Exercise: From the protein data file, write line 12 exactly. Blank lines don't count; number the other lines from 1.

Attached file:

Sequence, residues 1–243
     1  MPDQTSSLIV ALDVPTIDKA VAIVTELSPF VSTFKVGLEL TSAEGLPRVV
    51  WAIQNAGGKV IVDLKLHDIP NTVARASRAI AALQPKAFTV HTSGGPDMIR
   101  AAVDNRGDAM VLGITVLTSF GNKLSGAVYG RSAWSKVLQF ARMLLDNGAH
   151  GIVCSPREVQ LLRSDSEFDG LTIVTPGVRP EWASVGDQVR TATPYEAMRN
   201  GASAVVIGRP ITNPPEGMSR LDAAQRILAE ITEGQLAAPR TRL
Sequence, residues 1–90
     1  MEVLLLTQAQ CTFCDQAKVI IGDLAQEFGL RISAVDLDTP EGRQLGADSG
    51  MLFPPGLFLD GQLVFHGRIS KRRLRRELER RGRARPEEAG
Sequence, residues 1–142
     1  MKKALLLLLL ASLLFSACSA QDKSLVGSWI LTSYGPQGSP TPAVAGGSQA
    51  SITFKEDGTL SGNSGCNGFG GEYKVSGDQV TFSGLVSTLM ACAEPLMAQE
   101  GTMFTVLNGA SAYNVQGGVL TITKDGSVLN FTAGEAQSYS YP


    51  SITFKEDGTL SGNSGCNGFG GEYKVSGDQV TFSGLVSTLM ACAEPLMAQE